Indirect Middle East Talks Begin

Israelis and Palestinians have begun indirect peace talks, Saeb Erekat, the chief Palestinian negotiator, says.

He made the announcement after a meeting on Sunday between George Mitchell, the US Middle East envoy, and Mahmoud Abbas, the Palestinian president, in Ramallah in the occupied Palestinian territory of West Bank.

"I can officially declare today that the proximity talks have begun," Erekat said.

Mitchell will orchestrate the planned four-month indirect talks in the form of shuttle diplomacy between Israel, Palestinian territories and US.

But Benjamin Netanyahu, the Israeli prime minister, said peace with the Palestinians would be impossible without direct negotiations and he called for a swift move from the US-mediated indirect talks to face-to-face contacts.

"The proximity talks must bring about direct talks soon. Peace cannot be brought about from a distance, or with a remote control," Netanyahu told his cabinet in public remarks on Sunday.

Mitchell held talks on Friday with Shimon Peres, the Israeli president, who said his country was ready to negotiate with the Palestinians.

The developments come amid a statement by Abdullah Gul, the Turkish president, said that Syria too is ready to restart indirect peace talks with Israel.

He said on Saturday that Turkey would do the mediation.

PLO Backing

Officials of the Palestine Liberation Organisation (PLO) and Fatah, the party led by Abbas, have given their backing to the indirect talks in an effort to break a diplomatic deadlock.

"The Palestinian leadership has approved the proximity talks," Jibril Rajoub, a leading Fatah member, said after a PLO meeting on Saturday.

But the decision followed "indecision and dissent", Al Jazeera’s Nour Odeh, reporting from Ramallah, said.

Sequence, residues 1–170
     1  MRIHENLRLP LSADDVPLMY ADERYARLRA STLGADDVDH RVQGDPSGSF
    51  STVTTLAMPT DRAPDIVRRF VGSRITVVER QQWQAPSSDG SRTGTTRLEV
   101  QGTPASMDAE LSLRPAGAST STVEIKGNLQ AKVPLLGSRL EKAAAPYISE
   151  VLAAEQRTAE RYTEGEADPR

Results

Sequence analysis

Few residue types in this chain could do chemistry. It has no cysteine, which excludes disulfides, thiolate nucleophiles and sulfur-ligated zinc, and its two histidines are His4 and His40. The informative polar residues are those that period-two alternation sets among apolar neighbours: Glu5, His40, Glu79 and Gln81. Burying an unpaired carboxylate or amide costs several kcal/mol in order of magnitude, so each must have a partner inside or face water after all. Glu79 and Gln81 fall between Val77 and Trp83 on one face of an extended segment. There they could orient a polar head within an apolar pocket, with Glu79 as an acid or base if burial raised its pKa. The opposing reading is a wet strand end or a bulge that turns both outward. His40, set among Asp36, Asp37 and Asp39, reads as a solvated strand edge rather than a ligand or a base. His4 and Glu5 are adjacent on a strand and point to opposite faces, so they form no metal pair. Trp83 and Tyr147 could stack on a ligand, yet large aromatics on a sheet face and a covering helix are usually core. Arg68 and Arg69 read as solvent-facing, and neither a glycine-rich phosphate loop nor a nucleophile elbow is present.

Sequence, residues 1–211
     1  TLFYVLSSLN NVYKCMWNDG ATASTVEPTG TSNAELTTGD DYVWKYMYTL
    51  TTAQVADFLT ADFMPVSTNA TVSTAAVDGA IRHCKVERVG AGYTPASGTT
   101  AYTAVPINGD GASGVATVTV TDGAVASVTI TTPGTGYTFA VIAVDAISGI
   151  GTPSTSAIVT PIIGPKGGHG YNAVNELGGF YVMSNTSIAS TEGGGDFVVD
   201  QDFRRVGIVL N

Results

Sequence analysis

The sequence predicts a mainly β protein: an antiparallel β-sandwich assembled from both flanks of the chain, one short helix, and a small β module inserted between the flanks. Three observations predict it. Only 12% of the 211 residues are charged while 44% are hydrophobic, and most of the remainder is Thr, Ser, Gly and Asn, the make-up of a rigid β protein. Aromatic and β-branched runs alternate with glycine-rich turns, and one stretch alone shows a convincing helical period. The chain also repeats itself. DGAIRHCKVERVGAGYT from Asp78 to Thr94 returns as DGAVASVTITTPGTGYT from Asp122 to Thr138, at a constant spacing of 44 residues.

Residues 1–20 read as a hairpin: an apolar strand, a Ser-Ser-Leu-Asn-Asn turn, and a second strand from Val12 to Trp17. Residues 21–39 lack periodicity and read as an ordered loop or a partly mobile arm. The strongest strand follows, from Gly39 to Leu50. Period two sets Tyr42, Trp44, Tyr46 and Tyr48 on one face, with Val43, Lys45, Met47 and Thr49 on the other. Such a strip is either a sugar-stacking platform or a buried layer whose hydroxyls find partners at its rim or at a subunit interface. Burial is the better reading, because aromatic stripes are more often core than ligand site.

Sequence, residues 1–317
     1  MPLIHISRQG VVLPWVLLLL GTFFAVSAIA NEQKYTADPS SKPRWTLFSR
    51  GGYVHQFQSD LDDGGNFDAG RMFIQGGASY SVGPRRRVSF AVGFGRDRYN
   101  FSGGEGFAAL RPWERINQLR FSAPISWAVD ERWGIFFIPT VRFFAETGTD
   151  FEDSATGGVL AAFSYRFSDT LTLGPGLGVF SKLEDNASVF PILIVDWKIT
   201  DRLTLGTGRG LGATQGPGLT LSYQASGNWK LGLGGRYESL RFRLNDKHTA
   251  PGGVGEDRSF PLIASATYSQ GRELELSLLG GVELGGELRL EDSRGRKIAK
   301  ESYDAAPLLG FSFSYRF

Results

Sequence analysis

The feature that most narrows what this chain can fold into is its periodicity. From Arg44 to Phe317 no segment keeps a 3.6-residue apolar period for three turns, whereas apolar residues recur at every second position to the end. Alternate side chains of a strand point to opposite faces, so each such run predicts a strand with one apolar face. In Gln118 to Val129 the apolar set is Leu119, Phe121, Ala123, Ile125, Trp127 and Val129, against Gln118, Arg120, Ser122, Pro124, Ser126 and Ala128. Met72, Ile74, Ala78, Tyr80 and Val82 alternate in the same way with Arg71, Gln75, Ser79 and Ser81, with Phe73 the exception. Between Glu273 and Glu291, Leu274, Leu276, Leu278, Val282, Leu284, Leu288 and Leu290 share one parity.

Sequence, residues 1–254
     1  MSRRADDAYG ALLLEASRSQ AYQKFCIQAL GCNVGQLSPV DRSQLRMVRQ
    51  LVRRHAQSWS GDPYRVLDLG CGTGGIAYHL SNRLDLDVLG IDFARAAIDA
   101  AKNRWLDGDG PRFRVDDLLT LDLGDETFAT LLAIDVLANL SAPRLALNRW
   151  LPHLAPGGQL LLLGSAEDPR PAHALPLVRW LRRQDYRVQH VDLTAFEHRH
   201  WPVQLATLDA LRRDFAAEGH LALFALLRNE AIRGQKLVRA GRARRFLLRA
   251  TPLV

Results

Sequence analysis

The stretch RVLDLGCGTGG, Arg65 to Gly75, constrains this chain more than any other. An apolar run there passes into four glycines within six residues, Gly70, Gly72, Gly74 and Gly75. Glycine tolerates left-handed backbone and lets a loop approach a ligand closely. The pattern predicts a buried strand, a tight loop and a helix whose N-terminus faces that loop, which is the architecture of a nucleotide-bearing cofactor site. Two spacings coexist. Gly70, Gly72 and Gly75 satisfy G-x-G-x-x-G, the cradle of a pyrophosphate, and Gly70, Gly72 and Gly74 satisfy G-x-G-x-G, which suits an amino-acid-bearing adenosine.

"There was disagreement during the discussions but once the decision was taken to move ahead, it became the official Palestinian position," she said.

"[However], a variance in positions and perspectives of different political factions is not unusual in the Palestinian political system."

The talks also faced opposition in the Gaza Strip, where Hamas, the Palestinian group which governs the Palestinian enclave, called on the PLO to reject the resumption of talks, dismissing them as "absurd".

"We warn the executive of PLO not to take any decision to resume talks with the enemy and to give cover to the Israeli occupation to commit more crimes against our people," Hamas said in a statement.

Our correspondent said: "Hamas, which has not participated in these inter-Palestinian discussions, has regretted the PLO executive committee decision and has said that this will only serve to provide the Israelis with cover while they continue to confiscate more land for the purposes of illegal settlements."

Khalil Shaheen, a political analyst in the West Bank, said the Palestinian people do not consider the PLO-Fatah meeting to be representative of all Palestinians.

"Take into consideration that Hamas is not a member of the PLO and we have some factions on the left that are against and reject direct or indirect negotiations," he told Al Jazeera.

"For the Palestinians, they are more concerned about the coming change in [the Palestinian] government more than they are concerned about negotiations that will not bring them any breakthrough towards establishing their own Palestinian state."

Settlement Activity

Negotiations between the Palestinians and Israel have been stalled since Israel’s three-week assault on the Gaza Strip began in December 2008.

Attempts to restart the stalled process in March collapsed when Israel announced construction of a new housing project in occupied East Jerusalem,which Palestinians see as the future capital of any independent state.

The Palestinians have said they want the indirect talks to focus on the final borders of their future state.

Netanyahu announced a 10-month settlement freeze in the West Bank in November.

Abbas’s timetable for indirect talks will roughly coincide with the end of that freeze.

Israeli officials have said repeatedly that they will not approve another halt in construction, regardless of what happens during negotiations.

(Al Jazeera and Agencies)

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